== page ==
Economic data is one of the most counterfeit information you will ever receive. The gross domestic product (GDP) is supposed to be the value of all “production” in the economy—what is made and bought and everything in between. But here is what governments do.
I have not looked closely enough to see if this occurs in the Philippines, but it does in the US. The US federal government is the largest employer (2.86 million civilians) with state and local governments having another 19.8 million. The GDP counts what those 23 million earn and spend as part of the GDP. But it also counts “government spending” as part of the GDP. Therefore, the $100,000 salary of some bureaucrat in Washington D.C. shows up twice in the GDP numbers. This is only one example of the distortion of the data.
Unless you are Singapore that has an inventory of every tree on public lands, accurate number crunching is almost impossible. Geography and demographics play a considerable role. Russia covers 11 time zones and the flying time from St. Petersburg to Vladivostok takes half a day. Can India count all the production of its 1.4 billion people? Data is extrapolated like adding the “production” of a subsistence fisherman in Quezon province to the GDP.
However, it is the analysis and interpretation of the GDP data that is a “circle dance”—using the less vulgar term for what happens—by politicians, pundits, and pontificating economists. “A pompous, self-congratulatory group discussion between like-minded individuals that validates mutual biases.”
In truth, the GDP growth rate does not mean a damn thing. Even the total GDP means almost nothing. What comes close to an accurate reflection of economic output—and that requires accepting the GDP numbers as factual and estimating current population—is “GDP per capita (PPP based), the gross domestic product converted to international dollars using purchasing power parity rates and divided by total population.” What is the value of output, computed in US dollars (the standard currency of the world) with what you can buy factored in per person.
The per capita GDP in PPP for the Philippines was $8,983 in 2019. This fell to $8,017 in 2020 and rose to $8,365 in 2021. The projection from the International Monetary Fund for 2022 is $8,790. At least that takes us a little distance from “A million deaths is a statistic” to “A single death is a tragedy” understanding of what the GDP means.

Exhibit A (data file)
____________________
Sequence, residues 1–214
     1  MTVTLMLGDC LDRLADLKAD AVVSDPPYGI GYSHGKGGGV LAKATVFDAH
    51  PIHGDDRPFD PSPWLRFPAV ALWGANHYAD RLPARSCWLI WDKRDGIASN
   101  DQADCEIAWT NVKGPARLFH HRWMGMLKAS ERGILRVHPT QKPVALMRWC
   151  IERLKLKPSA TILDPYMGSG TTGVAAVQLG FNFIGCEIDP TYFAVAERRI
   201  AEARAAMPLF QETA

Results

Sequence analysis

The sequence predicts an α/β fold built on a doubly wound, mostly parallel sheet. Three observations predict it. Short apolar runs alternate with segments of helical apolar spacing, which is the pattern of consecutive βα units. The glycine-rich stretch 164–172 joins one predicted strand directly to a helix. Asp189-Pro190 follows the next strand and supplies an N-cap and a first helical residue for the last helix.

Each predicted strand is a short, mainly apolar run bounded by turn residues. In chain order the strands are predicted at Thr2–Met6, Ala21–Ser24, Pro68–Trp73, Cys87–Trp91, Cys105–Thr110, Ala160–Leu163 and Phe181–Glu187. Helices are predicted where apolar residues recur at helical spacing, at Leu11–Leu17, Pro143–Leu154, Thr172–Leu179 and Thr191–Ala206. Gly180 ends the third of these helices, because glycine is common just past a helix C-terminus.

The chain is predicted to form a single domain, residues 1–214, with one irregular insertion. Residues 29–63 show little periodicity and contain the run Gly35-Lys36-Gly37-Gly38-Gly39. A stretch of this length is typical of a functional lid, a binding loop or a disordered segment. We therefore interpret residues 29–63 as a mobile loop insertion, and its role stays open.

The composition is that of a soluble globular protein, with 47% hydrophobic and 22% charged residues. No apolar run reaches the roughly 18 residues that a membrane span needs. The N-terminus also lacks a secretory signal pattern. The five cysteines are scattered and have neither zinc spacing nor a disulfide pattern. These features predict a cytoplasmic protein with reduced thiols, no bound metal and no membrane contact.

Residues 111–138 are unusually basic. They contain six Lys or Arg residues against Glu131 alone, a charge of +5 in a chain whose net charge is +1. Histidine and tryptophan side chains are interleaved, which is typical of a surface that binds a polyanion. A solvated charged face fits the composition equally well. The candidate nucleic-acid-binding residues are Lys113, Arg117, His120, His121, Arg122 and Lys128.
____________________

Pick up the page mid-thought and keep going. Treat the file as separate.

Only the left/‘progressives’ offer a legitimate understanding about the economy that the “big numbers” do not mean much to the “little people” in the short term, and especially in a developing economy like the Philippines. Unfortunately, their solution is to put everyone in government Matrix-like pods with a feeding tube at the top and a waste disposal unit shoved up the bottom.
A successful economy must provide upward economic mobility that can only come from people growing their wealth from their excess production.
Modern Jewish folklore provides this example. A man buys grain and bakes two loaves of bread. He eats one and sells the other. He does this until he has accumulated enough wealth to bake three loaves to be able to now sell two. Economic freedom will eventually move him up the economic food chain as he works to the point of hiring others for his business.
I knew a young tricycle driver stationed at the palengke who, while the other drivers were gambling for centavos, went to all the carinderias and bars in the area, offering to buy and deliver their market fresh food needs for a small mark-up. This was more than 20 years ago long before Anthony Tan and Hooi Ling Tan ever conceived of Grab Holdings.
How do we provide this upward economic mobility? It starts with the lowest possible—if any—taxes for the lowest groups that are not able to save money. It continues with government banks providing the lowest cost loans possible as micro financing has successfully shown around the world. At the bottom of the checklist for every government-funded project: “How many private sector jobs will this create now and in the future?”
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